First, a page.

The Walk Home by Rachel Seiffert

I’ve never considered the flute to be a particularly controversial instrument, but apparently it can be. Reading The Walk Home I was thrown, unexpectedly, into a world where joining a marching band can be a highly political act, just one step away from links to a loyalist paramilitary organisation – and the type of thing that can, and does, rip families apart.

The story swaps back and forth between 1990s Scotland, during the Troubles – with Graham and his young wife Lindsey and their baby Stevie – and current day Glasgow, as the adult Stevie returns to the place he left as a young teen when the level of hurt and recrimination within the confines of his family grew too much for him to bear. Graham sought a good, peaceful life for his family, but still played in the annual Protestant Orange Walk through Glasgow. It’s here that the roots of division lie, and personal histories rattle the present.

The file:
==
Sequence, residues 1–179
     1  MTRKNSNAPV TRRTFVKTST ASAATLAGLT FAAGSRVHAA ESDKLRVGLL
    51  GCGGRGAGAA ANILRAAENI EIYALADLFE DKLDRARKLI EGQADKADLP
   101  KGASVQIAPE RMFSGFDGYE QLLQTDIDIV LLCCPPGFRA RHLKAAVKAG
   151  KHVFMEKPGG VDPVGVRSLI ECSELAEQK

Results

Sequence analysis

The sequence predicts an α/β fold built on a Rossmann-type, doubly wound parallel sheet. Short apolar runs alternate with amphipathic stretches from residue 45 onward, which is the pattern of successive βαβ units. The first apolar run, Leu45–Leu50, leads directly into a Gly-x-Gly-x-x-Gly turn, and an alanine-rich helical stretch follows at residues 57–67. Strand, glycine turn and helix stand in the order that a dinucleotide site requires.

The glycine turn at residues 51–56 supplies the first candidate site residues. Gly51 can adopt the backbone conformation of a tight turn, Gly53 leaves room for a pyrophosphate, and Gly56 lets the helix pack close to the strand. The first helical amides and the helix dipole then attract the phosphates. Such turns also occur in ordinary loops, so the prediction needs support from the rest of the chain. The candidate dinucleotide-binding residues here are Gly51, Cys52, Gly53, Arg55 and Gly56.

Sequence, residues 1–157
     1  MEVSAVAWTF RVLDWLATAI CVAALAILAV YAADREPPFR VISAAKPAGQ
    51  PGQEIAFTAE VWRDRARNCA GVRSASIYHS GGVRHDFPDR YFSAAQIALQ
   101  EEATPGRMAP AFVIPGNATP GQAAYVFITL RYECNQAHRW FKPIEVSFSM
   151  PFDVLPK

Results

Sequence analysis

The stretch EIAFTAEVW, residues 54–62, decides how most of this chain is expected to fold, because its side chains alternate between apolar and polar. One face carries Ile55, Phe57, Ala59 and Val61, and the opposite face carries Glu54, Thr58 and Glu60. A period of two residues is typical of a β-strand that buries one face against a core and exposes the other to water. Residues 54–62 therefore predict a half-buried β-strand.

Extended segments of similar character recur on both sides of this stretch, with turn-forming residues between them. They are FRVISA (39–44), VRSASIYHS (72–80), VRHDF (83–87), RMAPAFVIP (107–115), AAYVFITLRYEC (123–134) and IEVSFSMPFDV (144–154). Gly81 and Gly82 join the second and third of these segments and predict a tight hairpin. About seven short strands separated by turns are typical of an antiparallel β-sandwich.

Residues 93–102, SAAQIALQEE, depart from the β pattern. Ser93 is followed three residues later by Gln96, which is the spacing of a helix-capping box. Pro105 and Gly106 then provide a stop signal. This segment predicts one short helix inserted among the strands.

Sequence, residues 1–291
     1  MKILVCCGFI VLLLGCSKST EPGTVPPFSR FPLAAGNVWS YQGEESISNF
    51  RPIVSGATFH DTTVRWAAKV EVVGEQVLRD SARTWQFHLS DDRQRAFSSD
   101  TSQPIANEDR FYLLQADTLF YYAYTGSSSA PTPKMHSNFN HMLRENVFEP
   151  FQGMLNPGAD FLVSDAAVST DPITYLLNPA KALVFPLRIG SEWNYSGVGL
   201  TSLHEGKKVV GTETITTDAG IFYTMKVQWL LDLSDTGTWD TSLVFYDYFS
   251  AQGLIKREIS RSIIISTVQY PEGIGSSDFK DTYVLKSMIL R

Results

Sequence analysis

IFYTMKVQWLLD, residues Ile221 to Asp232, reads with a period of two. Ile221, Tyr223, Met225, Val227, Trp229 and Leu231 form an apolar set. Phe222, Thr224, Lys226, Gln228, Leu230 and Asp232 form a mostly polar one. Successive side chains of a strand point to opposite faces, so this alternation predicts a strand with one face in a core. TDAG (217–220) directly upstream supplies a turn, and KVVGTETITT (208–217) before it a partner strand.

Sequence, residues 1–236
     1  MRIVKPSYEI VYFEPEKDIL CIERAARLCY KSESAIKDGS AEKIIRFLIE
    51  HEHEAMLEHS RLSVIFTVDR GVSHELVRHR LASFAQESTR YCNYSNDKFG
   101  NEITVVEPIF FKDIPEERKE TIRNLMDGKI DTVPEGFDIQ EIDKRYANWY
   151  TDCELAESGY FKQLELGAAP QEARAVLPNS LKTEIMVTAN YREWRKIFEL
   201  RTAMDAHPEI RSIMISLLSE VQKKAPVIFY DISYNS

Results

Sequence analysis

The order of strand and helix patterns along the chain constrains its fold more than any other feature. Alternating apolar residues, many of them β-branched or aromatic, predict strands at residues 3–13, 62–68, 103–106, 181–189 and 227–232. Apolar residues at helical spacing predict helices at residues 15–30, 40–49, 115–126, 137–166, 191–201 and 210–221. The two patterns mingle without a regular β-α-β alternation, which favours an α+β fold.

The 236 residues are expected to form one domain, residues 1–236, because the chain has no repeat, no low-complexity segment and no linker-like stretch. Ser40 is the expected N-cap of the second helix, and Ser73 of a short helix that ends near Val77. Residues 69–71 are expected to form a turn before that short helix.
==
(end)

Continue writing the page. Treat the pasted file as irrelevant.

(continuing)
There is a touch of the Biblical to this book; as well as raking over old Protestant–Catholic rivalries, and shining a light on family dynamics and dysfunction, a very strong Prodigal Son theme runs throughout. Beautifully written, The Walk Home has an aching empathy for each of the characters, and Rachel Seiffert examines exactly how a well-meaning couple, with a sweet and well-loved child, can crumple into three completely separate individuals, turning their backs on one another and each with a great reluctance to come back together.

If you like your stories wistful and somewhat heart-breaking, you’ll love this quietly elegant and graceful novel.

Gabrielle Williams